Yanna Krupnikov, an assistant professor in the political science department at Stony Brook University, published a book digging into why more Americans are identifying as independents.
She, along with Samara Klar, an assistant professor at the University of Arizona, published the results in “Independent Politics: How American Disdain for Parties Leads to Political Inaction.”
The book argues that many who identify as independent clearly prefer one party over the other and only vote for one party, but think being an independent is more impressive to others. Some self-identified independents do so to avoid political arguments with those around them.
“Our goal was to present our research findings and answer the question ‘why do people say they are independent and does this matter?’” Krupnikov said in an email. “Along the way we found some things that were surprising, and so our goal is to present that information.”
In trying to remain independent or undercover, these people tend to be less politically active out of fear that such action will reveal their political leanings. Their political voices become silent. This, in turn, makes it seem like there is a deep political rift in the United States, even if that is not the case.
These independents dislike showing bias because they associate anger, stubbornness and negativity with the parties, according to Krupnikov and Klar’s research. In one study, Krupnikov and Klar found that when they asked people to make the best possible impression on another person, the people would identify as independents. But when the people were asked to make the worst possible impression, they would identify as strong partisans.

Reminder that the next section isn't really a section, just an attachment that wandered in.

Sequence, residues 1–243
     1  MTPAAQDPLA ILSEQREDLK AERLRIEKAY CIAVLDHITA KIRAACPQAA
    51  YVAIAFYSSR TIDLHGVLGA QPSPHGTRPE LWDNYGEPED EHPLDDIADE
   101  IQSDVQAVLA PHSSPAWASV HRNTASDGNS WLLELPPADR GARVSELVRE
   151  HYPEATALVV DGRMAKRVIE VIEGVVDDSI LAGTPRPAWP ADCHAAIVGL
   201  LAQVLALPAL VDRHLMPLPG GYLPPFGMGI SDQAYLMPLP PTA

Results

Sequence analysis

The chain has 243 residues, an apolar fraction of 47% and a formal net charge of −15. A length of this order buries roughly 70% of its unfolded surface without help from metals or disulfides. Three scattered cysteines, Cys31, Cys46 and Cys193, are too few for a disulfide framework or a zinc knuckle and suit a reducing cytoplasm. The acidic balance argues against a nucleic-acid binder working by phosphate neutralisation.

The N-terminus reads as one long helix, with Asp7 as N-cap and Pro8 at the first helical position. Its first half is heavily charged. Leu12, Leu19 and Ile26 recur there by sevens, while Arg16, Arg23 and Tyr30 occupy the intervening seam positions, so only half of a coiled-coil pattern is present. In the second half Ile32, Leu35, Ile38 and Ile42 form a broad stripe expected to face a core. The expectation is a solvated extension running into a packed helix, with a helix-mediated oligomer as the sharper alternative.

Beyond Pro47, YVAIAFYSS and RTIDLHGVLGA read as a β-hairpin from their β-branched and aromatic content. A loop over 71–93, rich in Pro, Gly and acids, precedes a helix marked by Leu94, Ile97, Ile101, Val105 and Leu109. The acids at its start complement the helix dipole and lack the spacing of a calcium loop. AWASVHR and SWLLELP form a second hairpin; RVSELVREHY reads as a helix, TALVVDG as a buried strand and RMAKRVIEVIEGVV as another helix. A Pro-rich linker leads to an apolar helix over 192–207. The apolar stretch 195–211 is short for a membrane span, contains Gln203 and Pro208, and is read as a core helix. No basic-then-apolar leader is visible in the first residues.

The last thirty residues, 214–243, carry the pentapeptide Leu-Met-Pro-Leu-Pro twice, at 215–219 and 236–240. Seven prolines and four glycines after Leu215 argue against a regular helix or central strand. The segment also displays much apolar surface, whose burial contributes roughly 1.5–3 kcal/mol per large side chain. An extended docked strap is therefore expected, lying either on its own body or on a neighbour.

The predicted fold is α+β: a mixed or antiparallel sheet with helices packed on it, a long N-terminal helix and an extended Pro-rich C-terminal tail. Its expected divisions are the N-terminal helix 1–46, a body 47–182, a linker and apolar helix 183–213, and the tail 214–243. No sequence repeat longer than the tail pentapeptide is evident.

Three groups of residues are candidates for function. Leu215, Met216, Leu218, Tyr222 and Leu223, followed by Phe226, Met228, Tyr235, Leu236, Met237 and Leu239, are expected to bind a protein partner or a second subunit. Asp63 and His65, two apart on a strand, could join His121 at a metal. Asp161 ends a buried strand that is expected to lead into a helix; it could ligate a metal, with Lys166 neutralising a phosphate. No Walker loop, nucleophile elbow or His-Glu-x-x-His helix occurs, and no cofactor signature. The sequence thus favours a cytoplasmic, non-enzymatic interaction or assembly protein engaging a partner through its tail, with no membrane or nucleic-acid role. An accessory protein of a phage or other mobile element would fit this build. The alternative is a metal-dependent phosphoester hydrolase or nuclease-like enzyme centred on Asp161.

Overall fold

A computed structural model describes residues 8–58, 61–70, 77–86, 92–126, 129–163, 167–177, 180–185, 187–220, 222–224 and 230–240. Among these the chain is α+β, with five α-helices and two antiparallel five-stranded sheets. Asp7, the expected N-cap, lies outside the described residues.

This growth of independents affects today’s politics.
“There is something about contemporary American politics that make people embarrassed to be associated with a party even as they support the party when it comes to the issues,” Krupnikov said in an email. “This motivates people to use the label independent. Support for Trump and Sanders may come from the same motivation: people don’t want to support the party establishment, but they don’t necessarily want to venture outside their own party lines.”
Klar and Krupnikov met at a political science conference, where they discussed research and realized their shared curiosity on the increase of self-identified independents. They began working on “Independent Politics” in 2012. Originally, they intended to write a series of academic journal articles, but after designing and running layers and layers of experiments, they felt that the longer format of a book would better present their evidence.
“The book is definitely a discussion of research related to independents, but it is written in such a way as to be interesting even to people who aren’t political science faculty or graduate students,” Krupnikov said.
Krupnikov’s research and teaching focus on political psychology, political communication, political persuasion, political behavior and empirical methodology, according to her website. She has written for the The Washington Post, the American Journal of Political Science, Political Communication and Political Behavior. Krupnikov earned her Ph.D. from the University of Michigan.
“Independent Politics: How American Disdain for Parties Leads to Political Inaction” was published by Cambridge University Press on Jan. 22..